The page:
5. _TrumpeT_

    _TrumpeT_ Piano User

    Apr 26, 2006
    I used to really obsess over range. One day, my peer (knowing my obsession with range) surprised me by saying that he had a range of over seven octaves. Then he added, "on the piano... but I still can't play like Horowitz or Tatum." I learned a good lesson that day.
  6. trumpetnick

    trumpetnick Fortissimo User

    Nov 16, 2005
    Vidin, Bulgaria
    Did he play the cadenza which is on the CD ? I mean the one that goes down to pedal E flat (below the staff) and the this crazy 2octaves separated e flats? I still cannot get this clear....Well, I got your point, but I believe that Marsalis could play this screaming notes at the time...
  7. wiseone2

    wiseone2 Artitst in Residence Staff Member

    Nov 19, 2003
    You completely missed my point. Two of the most outstanding trumpet players of the 20th century did NOT play screaming double Ds.
    In Wynton's case he did not even own that Bach/Schilke Eb trumpet. He had been in NYC for only a month or two. He was Wynton Who :dontknow: He was barely out of high school.
    My point is that great trumpet players do just that.....they play great trumpet.
    Without playing one note above a high c, I knew that 14 year old, Sergei Nakariakov was a one of a kind trumpet artist.

    Far too much time is spent trying to play the upper reaches of the trumpet.
    High notes don't impress me, music does.

  8. rowuk

    rowuk Moderator Staff Member

    Jun 18, 2006
    Hey fellow TMers,
    maybe we have a reincarnated Maynard Ferguson here. Just imagine if we had given HIM all of the above advice? I would say that RANGE in that case had a different meaning.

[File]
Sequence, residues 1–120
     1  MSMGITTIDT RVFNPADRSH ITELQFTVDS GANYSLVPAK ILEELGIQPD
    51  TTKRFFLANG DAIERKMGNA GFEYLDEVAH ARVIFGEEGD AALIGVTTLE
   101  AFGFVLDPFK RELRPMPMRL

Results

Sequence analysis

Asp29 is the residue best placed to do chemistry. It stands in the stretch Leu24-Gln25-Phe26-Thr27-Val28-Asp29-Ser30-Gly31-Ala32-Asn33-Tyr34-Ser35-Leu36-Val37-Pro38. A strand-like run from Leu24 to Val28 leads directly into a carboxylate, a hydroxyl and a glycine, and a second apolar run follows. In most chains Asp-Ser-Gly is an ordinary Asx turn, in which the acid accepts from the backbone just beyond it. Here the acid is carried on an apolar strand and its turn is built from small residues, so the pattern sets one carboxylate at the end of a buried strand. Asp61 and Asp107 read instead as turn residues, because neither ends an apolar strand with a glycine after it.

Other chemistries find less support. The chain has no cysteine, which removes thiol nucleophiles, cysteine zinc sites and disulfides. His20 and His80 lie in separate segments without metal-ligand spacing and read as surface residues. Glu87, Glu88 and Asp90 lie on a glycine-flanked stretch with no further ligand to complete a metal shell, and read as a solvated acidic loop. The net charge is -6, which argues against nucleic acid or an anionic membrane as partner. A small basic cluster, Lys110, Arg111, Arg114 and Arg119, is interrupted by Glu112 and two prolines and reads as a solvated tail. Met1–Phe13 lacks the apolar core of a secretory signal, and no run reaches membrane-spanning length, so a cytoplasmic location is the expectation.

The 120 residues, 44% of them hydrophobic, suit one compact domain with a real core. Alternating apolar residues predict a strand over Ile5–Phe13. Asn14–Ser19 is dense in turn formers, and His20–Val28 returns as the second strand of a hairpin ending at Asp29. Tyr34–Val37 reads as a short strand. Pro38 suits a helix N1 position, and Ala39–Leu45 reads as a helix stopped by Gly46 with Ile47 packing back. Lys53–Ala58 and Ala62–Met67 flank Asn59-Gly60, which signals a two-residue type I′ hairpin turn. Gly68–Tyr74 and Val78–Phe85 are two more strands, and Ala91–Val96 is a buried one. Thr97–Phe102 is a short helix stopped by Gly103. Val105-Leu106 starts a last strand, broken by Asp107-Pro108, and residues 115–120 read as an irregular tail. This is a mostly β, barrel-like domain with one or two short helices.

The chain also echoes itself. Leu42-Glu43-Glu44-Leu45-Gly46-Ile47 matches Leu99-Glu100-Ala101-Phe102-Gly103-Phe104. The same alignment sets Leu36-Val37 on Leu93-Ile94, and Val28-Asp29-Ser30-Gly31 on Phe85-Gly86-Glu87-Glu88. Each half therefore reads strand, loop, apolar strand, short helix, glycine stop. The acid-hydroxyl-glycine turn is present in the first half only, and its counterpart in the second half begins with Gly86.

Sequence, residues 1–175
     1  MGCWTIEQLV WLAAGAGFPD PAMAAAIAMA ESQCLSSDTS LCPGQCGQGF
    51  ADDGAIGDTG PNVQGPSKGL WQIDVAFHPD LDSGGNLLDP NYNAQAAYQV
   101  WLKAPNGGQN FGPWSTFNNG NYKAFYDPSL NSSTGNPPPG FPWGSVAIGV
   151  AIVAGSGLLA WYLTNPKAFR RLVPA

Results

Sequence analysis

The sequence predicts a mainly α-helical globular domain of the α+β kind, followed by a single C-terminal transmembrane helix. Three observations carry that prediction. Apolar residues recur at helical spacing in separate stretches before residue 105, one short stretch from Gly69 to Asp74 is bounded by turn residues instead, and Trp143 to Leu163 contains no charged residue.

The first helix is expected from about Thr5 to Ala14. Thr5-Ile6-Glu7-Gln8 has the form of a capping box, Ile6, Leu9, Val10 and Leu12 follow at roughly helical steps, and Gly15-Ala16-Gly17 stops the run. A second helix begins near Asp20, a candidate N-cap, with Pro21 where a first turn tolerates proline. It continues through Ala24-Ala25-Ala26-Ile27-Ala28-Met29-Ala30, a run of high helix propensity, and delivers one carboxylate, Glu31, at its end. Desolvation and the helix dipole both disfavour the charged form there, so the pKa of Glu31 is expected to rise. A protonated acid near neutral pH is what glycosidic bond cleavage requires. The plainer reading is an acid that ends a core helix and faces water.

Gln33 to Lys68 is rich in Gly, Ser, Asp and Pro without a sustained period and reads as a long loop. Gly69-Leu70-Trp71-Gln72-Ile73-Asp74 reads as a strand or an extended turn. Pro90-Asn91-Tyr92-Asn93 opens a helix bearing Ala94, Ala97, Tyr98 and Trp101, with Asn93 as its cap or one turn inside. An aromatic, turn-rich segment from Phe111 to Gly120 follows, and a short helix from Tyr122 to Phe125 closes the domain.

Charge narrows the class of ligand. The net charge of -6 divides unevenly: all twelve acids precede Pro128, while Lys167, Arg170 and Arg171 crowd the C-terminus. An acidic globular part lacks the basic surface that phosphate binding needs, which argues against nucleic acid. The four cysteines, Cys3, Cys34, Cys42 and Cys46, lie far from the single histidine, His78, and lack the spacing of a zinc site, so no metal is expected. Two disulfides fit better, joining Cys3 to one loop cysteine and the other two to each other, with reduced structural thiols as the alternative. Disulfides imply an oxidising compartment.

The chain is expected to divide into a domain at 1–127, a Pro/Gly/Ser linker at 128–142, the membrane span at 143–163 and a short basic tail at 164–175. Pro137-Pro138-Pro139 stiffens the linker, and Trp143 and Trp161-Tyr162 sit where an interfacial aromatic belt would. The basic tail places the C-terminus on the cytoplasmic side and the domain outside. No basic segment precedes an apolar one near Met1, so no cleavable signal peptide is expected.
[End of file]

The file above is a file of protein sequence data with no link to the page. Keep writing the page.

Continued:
Maynard was able to swing in the stratosphere (and not always politically-Schlossbergly correct). So if double D it is, get those scales, intervals and patterns down up there and SWING. Your the one that hates concert band, so now you know what to do to get your "jazz chops" up and running.
    IF you are telling the truth - we will be hearing from and of you!!!!!! You can be sure that we have our eyes and ears open.
  9. Bear

    Bear Forte User

    Apr 30, 2004
    Ya know,
    I am one of those guys with range and I also have a lot more fun out of my jazz bands than I do out of my orchestras and wind bands... (sidenote: Although rencently I'm having a lot more fun in brass bands...) Anyways, all that to echo what Mr. Rowuk said. However, something that I had to learn (the hard way) was that musicianship IS above all. Even is he is sceraming dubba d's at 16 years old, no one will listen to it if their isn't any heart or music in it.
    Please man, listen to these guys, learn MUSIC, not notes!! It'll save you a ton of trouble in the future. If you can honestly own a dubba D then you are WAY ahead of the ballgame in the range department. Work on other things like your sound, shaping the phrase, articulation, etc.

    Keep blowin',
    The Bear
  10. Venturion

    Venturion New Friend

    Aug 24, 2005
    New Jersey, USA
    Somehow I think the original poster meant by "double D" the D immediately above high C, sitting on the 2nd ledger line, NOT the sixth ledger line D. His comment "pretty pathetic" is what makes me think this . . .

    -- V.

Share This Page